There was barely standing room when National Party leaders Christopher Luxon and Nicola Willis spoke in Alexandra last week.
Mr Luxon’s assertion that spending $16 billion to build a storage dam at Lake Onslow, above Millers Flat, was an ‘‘insane idea’’ drew applause, as did many of his and deputy leader Ms Willis’ comments on sex education in schools, leaner government and cracking down on crime.
Mr Luxon said he might be new to politics but he had spent all his life turning things around, sorting things out and solving problems.
His background was in getting things done through, with and for people, he said.
National had three priorities — to fix the economy, restore law and order along with personal responsibility and deliver better health and education, he said.
Moving from Wellington bureaucracy to empowering local communities to manage their issues drew cries of ‘‘hear, hear’’ from the audience.
National’s position on the Overseas Investment Office allowing overseas companies, such as Ikea, buying prime farm land to plant pine trees was raised by one audience member.
Mr Luxon said National would ban foreign companies from buying sheep or beef farms and turning them into carbon farms by planting trees.
The companies wanted to get carbon credits in New Zealand to offset their pollution overseas and as a result were destroying rural communities, he said.
Relationship and sexuality education in schools concerned some questioners, particularly gender identity. One woman said she understood the charity InsideOUT, whose website said its mission was ‘‘to provide safer schools and communities for rainbow [LGBTQIA+] and takatapui young people’’ was involved in setting the curriculum. The mother said she wanted to know what education they were including.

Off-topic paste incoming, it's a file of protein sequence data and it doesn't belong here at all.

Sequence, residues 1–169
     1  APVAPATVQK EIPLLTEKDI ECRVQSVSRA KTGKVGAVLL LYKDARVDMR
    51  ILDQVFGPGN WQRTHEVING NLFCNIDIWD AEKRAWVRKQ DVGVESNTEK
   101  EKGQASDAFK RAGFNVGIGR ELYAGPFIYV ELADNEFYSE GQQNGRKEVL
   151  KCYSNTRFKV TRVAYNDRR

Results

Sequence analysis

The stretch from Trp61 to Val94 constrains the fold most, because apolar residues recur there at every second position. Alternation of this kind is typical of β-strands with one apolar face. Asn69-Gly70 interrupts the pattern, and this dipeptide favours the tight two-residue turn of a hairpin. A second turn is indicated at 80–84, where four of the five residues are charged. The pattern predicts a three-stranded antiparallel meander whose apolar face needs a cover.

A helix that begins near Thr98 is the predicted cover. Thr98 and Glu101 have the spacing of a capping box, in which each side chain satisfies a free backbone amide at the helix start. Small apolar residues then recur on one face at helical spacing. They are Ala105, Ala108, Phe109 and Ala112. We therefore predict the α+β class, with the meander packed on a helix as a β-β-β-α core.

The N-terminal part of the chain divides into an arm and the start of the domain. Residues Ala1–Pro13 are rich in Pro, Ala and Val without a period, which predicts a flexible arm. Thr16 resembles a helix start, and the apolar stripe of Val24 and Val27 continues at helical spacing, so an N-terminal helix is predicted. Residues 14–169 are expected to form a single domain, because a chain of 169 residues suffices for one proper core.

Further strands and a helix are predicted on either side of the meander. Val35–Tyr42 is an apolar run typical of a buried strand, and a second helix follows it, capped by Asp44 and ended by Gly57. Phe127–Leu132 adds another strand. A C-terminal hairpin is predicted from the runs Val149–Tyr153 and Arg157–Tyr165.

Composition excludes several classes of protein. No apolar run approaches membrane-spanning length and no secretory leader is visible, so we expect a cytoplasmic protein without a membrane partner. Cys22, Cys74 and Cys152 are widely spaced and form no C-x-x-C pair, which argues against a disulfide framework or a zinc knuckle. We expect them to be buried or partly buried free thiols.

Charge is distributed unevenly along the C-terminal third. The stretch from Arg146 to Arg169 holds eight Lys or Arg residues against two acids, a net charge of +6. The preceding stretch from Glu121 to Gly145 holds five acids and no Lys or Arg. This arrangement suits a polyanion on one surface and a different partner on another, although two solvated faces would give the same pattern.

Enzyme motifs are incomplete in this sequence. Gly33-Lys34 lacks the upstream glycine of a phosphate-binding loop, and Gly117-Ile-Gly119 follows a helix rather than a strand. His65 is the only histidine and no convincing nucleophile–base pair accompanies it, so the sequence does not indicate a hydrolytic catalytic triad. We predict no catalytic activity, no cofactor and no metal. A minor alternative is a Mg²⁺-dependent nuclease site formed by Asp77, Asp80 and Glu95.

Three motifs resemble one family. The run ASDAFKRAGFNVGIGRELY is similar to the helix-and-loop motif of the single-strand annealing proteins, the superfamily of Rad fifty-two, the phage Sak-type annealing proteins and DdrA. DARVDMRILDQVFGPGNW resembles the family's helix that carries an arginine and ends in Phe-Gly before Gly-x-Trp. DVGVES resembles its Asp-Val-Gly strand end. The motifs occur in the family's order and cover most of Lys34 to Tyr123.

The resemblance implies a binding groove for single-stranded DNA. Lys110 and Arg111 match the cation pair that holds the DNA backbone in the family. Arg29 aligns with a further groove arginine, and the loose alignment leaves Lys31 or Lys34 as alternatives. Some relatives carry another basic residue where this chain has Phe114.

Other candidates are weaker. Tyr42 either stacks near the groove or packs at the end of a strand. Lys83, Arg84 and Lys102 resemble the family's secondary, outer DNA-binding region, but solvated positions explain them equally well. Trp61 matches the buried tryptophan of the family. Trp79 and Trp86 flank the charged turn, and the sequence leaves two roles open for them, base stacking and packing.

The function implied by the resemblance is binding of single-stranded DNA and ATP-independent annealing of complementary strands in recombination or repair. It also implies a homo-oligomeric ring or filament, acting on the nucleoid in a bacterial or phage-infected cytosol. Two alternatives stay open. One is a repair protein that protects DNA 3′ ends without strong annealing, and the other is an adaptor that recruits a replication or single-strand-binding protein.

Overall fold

She was very concerned about ‘‘the indoctrination of the kids’’.
Ms Willis replied she was a mum, too, and had four children aged from 7 to 13.
‘‘Here’s how I feel about sexual education. That’s the job for me and my husband to do with our kids, based on our values and our views of the world . . .I want my education system focused on teaching my children how to read, how to write and how to do maths.’’
Her response drew resounding applause and calls of ‘‘hear, hear’’.
Gerry Eckhoff, a former Act New Zealand MP and retired Central Otago farmer, was concerned about Ma ¯ori names for government agencies, and changing New Zealand to Aoteoroa, which clearly resonated with the audience.
‘‘All I want, and I suspect most people here want, is . . .if we are going to have change . . . fine, but at least you must consult us first.
‘‘That is all I ask from our National-Act, or even Act-National government,’’ he said to laughter from the audience.
‘‘If you seriously want to change the government you’ve got to party vote National,’’ Mr Luxon was quick to say.
Mr Luxon said he was not a fan of changing the country’s name but if it did it would be through referendum.
People had to be able to navigate the government and understand the names of government departments. From living in Canada, which had dual language, he knew it was possible.
Southland MP Joseph Mooney and National’s Waitaki candidate Miles Anderson were both at the meeting.